Tuesday, July 15, 2008

Labor and the Governor

At first, I believed that Maryland’s labor movement would be annoyed at the anti-union propaganda on the state’s business development website but would ultimately see it as a blip in an otherwise positive relationship with Governor O’Malley. But after talking to many labor leaders around the state, I am not so sure about that.

MPW readers should know that our original post on this subject that followed Free State Politics’ breaking of the story received more visits than any individual post on our blog for many months. In fact, direct visits to this post alone without going through the site URL accounted for nearly one-quarter of all visits to MPW for two straight days. And yesterday we received more visits than on any other single day in two months. This is all extremely unusual considering that our first post on the issue appeared on a Saturday in July, hardly a prime viewing time for political blogs. We hear that our original post and a follow-up dating some of the rhetoric all the way back to the Glendening administration zoomed across the state’s labor movement and crystallized some of labor’s existing feelings about the current Governor. By Monday morning, the anti-union language on the state’s website had been taken down but the damage remains.

Martin O’Malley was elected with overwhelming support from Maryland’s labor movement. He got off to a good start on labor issues, helping pass a state living wage law in his first year and supporting a bill that allowed public employee unions to charge fees to non-members for representational services. His appointments of former Montgomery County Council Member Tom Perez as the Secretary of Labor, Licensing and Regulation and former Baltimore building trades leader Ron DeJulius as Commissioner of Labor and Industry were widely praised by labor. And the Governor announced that he was restoring and beefing up the labor inspections office after his predecessor virtually killed it.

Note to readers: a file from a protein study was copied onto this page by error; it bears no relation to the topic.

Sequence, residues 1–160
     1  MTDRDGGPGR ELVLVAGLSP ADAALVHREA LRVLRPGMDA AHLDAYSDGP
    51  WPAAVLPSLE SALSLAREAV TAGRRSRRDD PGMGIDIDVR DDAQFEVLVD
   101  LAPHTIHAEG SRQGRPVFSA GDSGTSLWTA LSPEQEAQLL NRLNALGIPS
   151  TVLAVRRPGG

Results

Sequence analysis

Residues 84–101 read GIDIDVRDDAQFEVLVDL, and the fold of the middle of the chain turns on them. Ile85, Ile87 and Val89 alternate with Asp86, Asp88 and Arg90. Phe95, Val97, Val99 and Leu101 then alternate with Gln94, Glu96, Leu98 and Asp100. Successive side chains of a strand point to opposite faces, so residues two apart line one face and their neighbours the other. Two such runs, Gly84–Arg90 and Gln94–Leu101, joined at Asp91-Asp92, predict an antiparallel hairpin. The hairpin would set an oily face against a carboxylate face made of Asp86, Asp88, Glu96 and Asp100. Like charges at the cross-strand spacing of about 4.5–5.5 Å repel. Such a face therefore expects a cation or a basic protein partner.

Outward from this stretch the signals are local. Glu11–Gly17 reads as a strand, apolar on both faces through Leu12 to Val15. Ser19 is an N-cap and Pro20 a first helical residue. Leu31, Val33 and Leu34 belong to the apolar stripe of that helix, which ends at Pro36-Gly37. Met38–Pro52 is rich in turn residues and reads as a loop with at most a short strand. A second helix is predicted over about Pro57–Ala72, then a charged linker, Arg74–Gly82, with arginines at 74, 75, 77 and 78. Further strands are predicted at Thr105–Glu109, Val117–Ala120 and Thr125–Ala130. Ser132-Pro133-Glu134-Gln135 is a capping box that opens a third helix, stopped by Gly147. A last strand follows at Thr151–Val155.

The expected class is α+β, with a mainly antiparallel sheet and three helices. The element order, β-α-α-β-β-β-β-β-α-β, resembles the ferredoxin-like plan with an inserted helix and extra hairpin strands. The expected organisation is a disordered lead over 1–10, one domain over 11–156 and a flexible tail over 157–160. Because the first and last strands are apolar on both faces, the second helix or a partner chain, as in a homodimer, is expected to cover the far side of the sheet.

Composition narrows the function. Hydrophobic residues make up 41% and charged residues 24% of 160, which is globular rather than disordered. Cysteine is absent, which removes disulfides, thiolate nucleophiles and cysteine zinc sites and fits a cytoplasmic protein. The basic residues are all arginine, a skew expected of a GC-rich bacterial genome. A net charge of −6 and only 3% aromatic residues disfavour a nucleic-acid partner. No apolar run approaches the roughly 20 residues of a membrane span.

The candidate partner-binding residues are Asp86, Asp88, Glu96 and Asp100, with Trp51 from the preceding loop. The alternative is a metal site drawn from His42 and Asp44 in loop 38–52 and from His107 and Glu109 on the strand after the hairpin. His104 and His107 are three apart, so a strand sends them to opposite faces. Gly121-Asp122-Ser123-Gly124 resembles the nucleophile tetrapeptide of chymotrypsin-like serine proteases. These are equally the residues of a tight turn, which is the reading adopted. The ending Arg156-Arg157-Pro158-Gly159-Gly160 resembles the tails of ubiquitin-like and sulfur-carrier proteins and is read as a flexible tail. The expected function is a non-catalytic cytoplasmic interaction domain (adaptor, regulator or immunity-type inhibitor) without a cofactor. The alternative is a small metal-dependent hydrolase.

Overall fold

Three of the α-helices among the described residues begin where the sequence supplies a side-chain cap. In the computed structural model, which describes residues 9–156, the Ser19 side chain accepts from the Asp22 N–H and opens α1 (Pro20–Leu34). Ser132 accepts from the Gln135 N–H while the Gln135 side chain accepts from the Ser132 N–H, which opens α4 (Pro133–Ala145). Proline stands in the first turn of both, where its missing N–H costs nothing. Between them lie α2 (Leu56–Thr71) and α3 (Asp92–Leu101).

But since then the relationship has cooled. During the special session, labor assisted the Governor in passing his tax package and the slots referendum even though many did not like its regressive elements. Despite its aid to the Governor in his time of need, labor did not achieve many of its priorities in the general session that followed. One angry labor leader told me, “Seven labor bills were introduced before the legislature last year and not one made it out of committee. The administration was essentially AWOL on all of them.” Another labor leader gave O’Malley a grade of “C,” saying, “I understand that politicians make lots of promises and then do a little less, but…” A third labor person described a state of “discontent” with the Governor. “He’s been good to blue-collar families in a general sense, but he hasn’t done a whole lot to help the labor movement grow.” Still another labor veteran challenged the perception that the Governor was responsible for the living wage law, claiming that since the legislature already passed it once but was stymied by former Governor Ehrlich’s veto, all that was necessary was to have a Governor who would not veto the bill again. “What can you point to with O’Malley? On living wage, when he was handed the football on the one-yard line, he got it in… He hasn’t picked up any labor bills as one of his top 3 or 4 priorities in any year. There’s been no initiative, and that’s the sad thing.” This leader also gave the Governor a grade of “C.”